At Manabi no Sato, in the mountains of Ei, we are currently trialling two forms of composting in order to reduce our waste output.
By Erin McCullagh
The first type of composting system being implemented is a simple outdoor receptacle made from wire and held up with bricks. This system takes fruit and vegetable scraps, as well as tissue paper and some cardboard. Kitchen scraps are divided into carbon and nitrogen, with the two types being layered to ensure the right balance is maintained.
The second type is a series of bokashi buckets. While most composting is an aerobic process, meaning that food scraps need to be exposed to the air to decompose, bokashi is an anaerobic process. The buckets are airtight and scraps are mixed with a bacterial bran. Over a few weeks, the scraps ferment, a process which turns them into ‘pre-compost’ which is then buried in the garden. Due to this fermentation process, all forms of kitchen waste, including meat, dairy and bones, can be included in bokashi compost. We use this system to compost everything that cannot be put in the outdoor receptacle.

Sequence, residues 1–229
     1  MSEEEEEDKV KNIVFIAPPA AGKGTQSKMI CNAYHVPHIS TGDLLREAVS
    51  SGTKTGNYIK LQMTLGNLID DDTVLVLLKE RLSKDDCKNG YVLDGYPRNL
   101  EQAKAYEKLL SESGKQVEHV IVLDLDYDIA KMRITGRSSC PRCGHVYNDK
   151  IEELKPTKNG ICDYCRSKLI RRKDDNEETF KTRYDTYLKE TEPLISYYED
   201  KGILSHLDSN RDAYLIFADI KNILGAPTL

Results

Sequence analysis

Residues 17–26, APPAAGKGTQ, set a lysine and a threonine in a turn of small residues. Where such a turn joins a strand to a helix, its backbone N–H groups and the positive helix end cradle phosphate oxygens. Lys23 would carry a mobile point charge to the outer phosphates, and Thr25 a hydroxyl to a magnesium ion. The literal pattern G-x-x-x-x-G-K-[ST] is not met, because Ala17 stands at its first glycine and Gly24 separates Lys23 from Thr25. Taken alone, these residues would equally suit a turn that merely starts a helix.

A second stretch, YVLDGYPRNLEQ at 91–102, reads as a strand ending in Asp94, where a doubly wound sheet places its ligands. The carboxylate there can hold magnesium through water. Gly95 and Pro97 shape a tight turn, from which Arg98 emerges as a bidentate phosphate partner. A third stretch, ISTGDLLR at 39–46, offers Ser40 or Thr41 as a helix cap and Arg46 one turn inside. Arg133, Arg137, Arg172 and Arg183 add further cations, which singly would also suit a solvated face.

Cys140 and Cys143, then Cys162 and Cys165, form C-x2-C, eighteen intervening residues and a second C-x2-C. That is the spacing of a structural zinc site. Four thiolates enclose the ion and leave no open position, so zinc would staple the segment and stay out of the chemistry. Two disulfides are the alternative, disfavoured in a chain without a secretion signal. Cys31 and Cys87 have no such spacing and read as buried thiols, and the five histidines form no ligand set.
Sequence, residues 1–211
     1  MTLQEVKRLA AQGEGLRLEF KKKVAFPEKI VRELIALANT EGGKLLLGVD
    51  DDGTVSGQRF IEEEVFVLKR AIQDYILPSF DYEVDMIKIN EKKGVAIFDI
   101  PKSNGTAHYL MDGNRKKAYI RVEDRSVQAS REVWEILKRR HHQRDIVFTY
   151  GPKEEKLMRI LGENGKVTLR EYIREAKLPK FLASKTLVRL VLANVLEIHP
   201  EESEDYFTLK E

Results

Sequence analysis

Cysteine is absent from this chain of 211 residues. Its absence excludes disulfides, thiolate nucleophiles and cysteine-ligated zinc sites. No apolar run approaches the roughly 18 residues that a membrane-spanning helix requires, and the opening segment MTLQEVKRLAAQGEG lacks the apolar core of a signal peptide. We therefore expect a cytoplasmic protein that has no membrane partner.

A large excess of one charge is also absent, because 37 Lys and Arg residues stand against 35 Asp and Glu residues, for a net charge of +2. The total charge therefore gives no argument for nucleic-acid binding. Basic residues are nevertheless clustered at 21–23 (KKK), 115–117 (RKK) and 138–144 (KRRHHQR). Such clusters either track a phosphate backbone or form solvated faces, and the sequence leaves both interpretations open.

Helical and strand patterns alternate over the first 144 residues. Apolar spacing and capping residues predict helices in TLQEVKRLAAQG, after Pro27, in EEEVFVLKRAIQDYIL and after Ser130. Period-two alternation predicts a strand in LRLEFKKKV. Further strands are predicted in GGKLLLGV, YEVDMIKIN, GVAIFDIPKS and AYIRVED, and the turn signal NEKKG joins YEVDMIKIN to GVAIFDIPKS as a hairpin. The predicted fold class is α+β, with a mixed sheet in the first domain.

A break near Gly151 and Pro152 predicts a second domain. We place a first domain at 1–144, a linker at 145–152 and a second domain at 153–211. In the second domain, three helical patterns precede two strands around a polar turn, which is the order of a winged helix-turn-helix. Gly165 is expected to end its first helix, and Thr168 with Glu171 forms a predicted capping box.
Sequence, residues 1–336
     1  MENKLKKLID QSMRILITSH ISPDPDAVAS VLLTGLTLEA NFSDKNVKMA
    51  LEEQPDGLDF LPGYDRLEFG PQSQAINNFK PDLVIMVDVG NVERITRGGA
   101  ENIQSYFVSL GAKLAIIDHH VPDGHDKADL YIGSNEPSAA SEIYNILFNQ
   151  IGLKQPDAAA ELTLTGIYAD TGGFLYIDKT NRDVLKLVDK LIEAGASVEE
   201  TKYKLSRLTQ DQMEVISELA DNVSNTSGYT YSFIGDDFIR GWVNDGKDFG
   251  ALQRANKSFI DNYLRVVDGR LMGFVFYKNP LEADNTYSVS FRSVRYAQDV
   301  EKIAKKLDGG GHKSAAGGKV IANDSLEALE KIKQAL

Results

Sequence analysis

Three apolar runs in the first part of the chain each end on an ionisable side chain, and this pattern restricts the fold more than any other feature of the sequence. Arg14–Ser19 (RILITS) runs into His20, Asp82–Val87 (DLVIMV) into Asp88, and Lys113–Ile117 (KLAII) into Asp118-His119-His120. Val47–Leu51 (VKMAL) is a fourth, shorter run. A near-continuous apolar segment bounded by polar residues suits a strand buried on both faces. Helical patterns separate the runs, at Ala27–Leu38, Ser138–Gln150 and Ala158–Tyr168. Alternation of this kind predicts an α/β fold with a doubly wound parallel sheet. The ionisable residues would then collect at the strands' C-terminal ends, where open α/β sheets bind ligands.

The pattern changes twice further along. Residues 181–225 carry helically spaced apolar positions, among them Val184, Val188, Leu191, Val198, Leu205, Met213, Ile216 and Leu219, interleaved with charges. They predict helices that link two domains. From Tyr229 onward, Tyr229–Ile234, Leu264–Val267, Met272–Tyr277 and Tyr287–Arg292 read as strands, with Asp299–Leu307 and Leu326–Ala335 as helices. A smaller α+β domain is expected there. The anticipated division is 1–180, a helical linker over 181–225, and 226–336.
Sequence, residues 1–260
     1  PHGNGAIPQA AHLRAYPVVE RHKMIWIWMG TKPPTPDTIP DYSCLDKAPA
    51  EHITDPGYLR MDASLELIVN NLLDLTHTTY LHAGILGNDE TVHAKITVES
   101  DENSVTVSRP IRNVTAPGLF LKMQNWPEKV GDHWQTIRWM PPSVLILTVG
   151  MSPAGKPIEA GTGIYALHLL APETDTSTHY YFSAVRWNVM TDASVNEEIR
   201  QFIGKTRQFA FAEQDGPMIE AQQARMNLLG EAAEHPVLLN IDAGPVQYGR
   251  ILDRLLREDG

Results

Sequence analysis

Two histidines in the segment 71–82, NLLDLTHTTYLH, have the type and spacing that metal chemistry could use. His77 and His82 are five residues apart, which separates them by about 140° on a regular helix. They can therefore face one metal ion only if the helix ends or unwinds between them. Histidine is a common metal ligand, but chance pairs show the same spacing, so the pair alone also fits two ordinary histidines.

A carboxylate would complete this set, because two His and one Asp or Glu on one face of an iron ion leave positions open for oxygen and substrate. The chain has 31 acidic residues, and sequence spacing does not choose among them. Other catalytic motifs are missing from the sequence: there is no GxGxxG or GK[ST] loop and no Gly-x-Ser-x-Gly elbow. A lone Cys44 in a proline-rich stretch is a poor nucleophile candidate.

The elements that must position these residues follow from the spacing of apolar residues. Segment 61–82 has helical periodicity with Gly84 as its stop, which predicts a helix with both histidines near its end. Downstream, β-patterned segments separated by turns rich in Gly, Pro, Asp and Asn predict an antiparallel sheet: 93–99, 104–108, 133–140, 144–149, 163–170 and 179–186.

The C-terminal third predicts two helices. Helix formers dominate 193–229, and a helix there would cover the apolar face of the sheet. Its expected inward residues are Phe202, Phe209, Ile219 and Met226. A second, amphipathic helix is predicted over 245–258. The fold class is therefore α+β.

Composting our food scraps has greatly reduced the amount of waste that we output at Manabi no Sato, while ensuring that nutrients from food return to enrich the soil.